Syria opposition delegates arrive in Astana for peace talks

Syria opposition delegates arrive in Astana for peace talks
Workers on Sunday prepare the conference room at Astana' Rixos President Hotel where Syria peace talks would be held starting Monday. (AFP)
Updated 23 January 2017

Syria opposition delegates arrive in Astana for peace talks

Syria opposition delegates arrive in Astana for peace talks
ASTANA/WASHINGTON: Members of the Syrian opposition delegation arrived on Sunday in the Kazakh capital Astana for face-to-face peace talks with the war-torn nation’s government.
 
The US State Department on Saturday decided not to send a delegation from Washington to attend peace talks in the Kazakh capital next week due to immediate demands of the transition.
The State Department’s acting spokesman Mark Toner, however, said US Ambassador to Kazakhstan, George Krol, would attend the Monday talks as an observer.
 
“We welcome and appreciate Kazakhstan’s invitation to participate as an observer,” Toner said in a statement, “Given our presidential inauguration and the immediate demands of the transition, a delegation from Washington will not be attending the Astana conference.”
 
Toner said the US was committed to a political resolution to the Syrian crisis through a Syrian-owned process.
Russian Foreign Minister Sergei Lavrov said on Friday he hoped the new administration of President Donald Trump would send a Middle East expert to the talks.
 
With Trump’s nominee for secretary of state, Rex Tillerson, not expected to get a US Senate Foreign Relations Committee vote before Monday, the new administration asked the State Department’s No. 3 official, Tom Shannon, to stay on.
 
UN Syria mediator Staffan de Mistura has said he intends to convene separate peace talks in Geneva on Feb. 8.
The UN-backed talks have been held intermittently. Russia says the Kazakh talks would complement, rather than compete with, the UN talks.
 
The Moscow-led effort to revive diplomacy, without the participation of the US, has emerged with Syrian President Bashar Assad buoyed by the defeat of fighters in Aleppo, and as ties thaw between Russia and Turkey, long one of the opposition’s main backers.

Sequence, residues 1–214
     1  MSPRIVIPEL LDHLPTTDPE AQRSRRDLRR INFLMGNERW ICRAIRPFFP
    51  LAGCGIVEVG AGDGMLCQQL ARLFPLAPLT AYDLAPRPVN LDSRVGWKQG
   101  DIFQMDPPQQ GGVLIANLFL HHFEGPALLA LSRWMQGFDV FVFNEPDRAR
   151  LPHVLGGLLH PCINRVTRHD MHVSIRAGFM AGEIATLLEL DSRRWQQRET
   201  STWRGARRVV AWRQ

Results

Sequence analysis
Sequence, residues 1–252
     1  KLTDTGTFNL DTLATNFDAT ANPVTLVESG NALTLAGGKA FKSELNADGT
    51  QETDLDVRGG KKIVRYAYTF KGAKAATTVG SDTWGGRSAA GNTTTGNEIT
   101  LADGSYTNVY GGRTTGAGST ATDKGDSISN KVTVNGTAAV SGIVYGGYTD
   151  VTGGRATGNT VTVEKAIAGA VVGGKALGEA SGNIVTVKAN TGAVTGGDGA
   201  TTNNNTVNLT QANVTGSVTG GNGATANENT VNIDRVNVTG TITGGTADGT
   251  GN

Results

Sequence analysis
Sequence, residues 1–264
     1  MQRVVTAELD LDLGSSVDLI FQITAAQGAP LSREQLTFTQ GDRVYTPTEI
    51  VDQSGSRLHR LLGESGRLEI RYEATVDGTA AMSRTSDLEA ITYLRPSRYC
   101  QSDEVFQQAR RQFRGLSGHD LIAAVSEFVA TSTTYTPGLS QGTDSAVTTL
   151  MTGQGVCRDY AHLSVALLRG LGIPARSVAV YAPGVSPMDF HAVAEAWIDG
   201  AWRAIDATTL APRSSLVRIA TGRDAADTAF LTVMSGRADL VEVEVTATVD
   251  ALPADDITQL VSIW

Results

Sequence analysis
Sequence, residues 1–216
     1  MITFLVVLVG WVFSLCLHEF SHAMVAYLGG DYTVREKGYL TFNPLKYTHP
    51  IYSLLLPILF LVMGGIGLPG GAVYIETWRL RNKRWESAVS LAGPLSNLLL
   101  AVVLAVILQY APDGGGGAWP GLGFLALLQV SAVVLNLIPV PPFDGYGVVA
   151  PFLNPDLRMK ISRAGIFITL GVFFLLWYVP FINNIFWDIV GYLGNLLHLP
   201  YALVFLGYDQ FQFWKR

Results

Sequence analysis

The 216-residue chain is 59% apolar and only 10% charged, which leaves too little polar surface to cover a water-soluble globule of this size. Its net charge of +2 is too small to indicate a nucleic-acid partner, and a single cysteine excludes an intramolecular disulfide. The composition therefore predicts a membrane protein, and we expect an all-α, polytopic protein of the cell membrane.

Airstrikes and clashes, particularly near the Syrian capital Damascus, have tarnished a shaky cease-fire brokered by Russia and Turkey since it began two weeks ago, and the warring sides have accused each other of violations.
The talks will be the first time a delegation composed exclusively of opposition groups will negotiate with the regime of Assad.
 
Chief opposition negotiator Mohammad Alloush flew into Astana on Sunday morning, according to an AFP correspondent who saw the delegation arrive.
He was accompanied by around a dozen opposition figures, including Fares Buyush of the Idlib Army, Hassan Ibrahim of the Southern Front and Mamoun Haj Moussa of Suqur Al-Sham.
 
A source close to the opposition’s team told AFP that the delegation had been broadened from eight opposition figures to a total of 14, in addition to 21 legal and political advisers.
 
The 10-member government delegation, headed by its UN Ambassador Bashar Jaafari, left Damascus on Sunday, according to Syrian state news agency SANA.
 
The opposition leaders have insisted the talks will focus solely on reinforcing a frail nationwide truce brokered by opposition supporter Turkey and regime ally Russia last month.
 
Although the two countries have backed opposing sides of Syria’s nearly six-year conflict, they have worked hand-in-hand in recent weeks to secure an end to the brutal war that has killed more than 300,000.
 
The Astana talks, which Assad ally Iran is also helping organize, will be the first test of this new partnership.
They will be held in the city’s luxury Rixos President Hotel, where staff members were setting up a single large table in a conference room under blue banners bearing the hashtag #AstanaProcess.
 
Opposition members and regime figures are expected to sit in the same room, along with UN envoy for Syria Staffan de Mistura.
 
De Mistura on Sunday hailed the talks as a “good initiative” in comments carried by Russian news agencies.
In addition to the hundreds of thousands killed, more than half of the country’s population has been displaced since Syria’s conflict erupted in March 2011 with protests against Assad’s rule.